Friday, March 14, 2008


I went on a field trip the other day. To the library's offsite storage facility. Now, I had seen pictures of these places before--robotic arms that gather materials that are so closely spaced no human being could ever get in.

Our storage facility is not that crazy, although it does have 40 ft. ceilings and can store about 1.3 million volumes. but the gathering is still done by actual, live people in a cherry picker. The staff there called it an order picker, but I've seen cherry pickers (my dad liked to switch out the engines between his pickup trucks) and that is what they use at the storage facility. except that it's SUPER tall and instead of an engine attached, it's a person. And a booktruck that's 6 ft tall (it has a forklift attachment on the front to hold the booktruck and a platform to stand; it's not like you're just dangling off the thing like that Batman ride at Universal Studios).

Anyway, let me describe this place. The facility is nice, with landscaping outside, birch trees (which are not native to this area, but there they are) and bamboo plants. You can't get in the outer gate without a code, and you can't get into the building without a code. It's like they're storing gold, not old, underused books.

They duplicate the barcodes that are on the book, slap the new barcode on the outside, then sort the books by size, put them in little cardboard racks, and shelve them. Oh, and they vaccuum the books first with this big industrial vaccuum. It's pretty neat.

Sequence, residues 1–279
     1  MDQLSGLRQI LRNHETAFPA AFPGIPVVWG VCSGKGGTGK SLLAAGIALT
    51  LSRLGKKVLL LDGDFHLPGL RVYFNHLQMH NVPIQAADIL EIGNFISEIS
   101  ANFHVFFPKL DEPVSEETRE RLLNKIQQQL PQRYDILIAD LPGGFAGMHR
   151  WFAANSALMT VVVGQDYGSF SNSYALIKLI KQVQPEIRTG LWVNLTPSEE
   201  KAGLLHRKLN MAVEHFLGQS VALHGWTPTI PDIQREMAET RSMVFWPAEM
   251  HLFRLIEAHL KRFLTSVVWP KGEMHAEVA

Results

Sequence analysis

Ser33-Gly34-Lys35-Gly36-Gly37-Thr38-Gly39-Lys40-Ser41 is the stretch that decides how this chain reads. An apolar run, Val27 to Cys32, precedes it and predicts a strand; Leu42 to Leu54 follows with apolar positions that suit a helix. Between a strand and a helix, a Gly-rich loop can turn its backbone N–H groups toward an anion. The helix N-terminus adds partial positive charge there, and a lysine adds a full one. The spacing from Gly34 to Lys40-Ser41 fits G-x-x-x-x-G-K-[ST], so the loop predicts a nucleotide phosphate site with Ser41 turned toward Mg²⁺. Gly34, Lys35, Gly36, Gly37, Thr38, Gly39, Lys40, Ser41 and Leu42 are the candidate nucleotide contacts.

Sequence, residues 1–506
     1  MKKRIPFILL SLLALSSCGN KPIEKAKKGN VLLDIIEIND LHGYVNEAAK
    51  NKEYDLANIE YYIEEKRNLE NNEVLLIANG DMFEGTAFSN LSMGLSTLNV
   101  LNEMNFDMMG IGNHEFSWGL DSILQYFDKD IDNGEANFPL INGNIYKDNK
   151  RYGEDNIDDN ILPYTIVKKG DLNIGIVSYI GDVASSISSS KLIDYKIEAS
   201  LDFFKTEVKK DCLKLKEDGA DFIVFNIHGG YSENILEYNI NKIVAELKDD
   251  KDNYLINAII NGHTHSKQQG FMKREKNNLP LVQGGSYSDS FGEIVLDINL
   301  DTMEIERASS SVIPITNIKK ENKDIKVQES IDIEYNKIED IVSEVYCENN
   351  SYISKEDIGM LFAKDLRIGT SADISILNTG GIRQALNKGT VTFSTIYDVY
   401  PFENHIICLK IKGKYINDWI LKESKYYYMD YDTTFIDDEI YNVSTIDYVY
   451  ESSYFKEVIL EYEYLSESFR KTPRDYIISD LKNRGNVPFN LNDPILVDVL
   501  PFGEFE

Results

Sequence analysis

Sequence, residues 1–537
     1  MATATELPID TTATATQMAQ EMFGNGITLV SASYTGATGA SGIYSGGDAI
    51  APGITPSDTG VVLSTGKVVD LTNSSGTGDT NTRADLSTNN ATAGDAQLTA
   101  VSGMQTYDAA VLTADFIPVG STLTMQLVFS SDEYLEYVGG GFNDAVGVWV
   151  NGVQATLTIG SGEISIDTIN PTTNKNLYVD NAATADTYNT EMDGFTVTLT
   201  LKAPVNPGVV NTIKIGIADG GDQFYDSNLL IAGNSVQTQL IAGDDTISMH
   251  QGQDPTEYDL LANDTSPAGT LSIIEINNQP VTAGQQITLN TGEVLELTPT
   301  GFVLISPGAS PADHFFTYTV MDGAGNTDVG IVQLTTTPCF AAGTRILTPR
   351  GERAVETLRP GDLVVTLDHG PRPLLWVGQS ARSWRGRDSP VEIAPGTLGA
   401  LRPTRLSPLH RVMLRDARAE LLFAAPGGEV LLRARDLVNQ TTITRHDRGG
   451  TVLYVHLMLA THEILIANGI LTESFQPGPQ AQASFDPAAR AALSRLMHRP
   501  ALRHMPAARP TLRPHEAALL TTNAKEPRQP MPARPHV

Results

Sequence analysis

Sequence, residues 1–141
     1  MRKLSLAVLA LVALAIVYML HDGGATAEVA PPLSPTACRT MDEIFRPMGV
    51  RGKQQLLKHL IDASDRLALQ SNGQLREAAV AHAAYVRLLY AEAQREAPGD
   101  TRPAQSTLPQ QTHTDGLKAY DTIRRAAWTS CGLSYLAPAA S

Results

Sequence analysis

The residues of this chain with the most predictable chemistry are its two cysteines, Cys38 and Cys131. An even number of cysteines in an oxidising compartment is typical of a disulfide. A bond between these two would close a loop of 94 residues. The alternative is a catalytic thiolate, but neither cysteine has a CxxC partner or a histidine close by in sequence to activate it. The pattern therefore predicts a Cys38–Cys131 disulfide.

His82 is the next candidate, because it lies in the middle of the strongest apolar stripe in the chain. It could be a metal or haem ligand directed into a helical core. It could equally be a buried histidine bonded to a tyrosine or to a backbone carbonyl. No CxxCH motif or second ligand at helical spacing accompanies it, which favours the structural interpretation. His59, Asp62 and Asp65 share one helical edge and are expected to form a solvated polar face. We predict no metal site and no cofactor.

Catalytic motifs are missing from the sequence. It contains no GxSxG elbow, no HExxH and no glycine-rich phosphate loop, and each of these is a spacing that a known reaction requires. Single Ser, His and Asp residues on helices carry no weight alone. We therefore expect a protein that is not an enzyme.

The room where they're stored is, like I said, 40 ft high and really long and big. Two big air conditioners and a desiccator run constantly to keep it at 50 degrees F, and 30% Rh. Dry and cold, just like the books like it. The shelves go up 35 ft, and the order picker will also go that high, obviously.

They're at about 40% capacity, and keep both archival and library materials there. They do runs twice a day back to the library, to pick up books headed to the facility (250 per day or so) and drop off requests (30 per day or so). It's nice, because if you order something at the right time of day, you can literally just hang out for an hour and it will come to you. Automatic email notifications are sent out when the book is placed on hold at the circulation desk.

All in all, an extremely efficient system.

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"Wicked people never have time for reading. It's one of the reasons for their wickedness." —Lemony Snicket, The Penultimate Peril.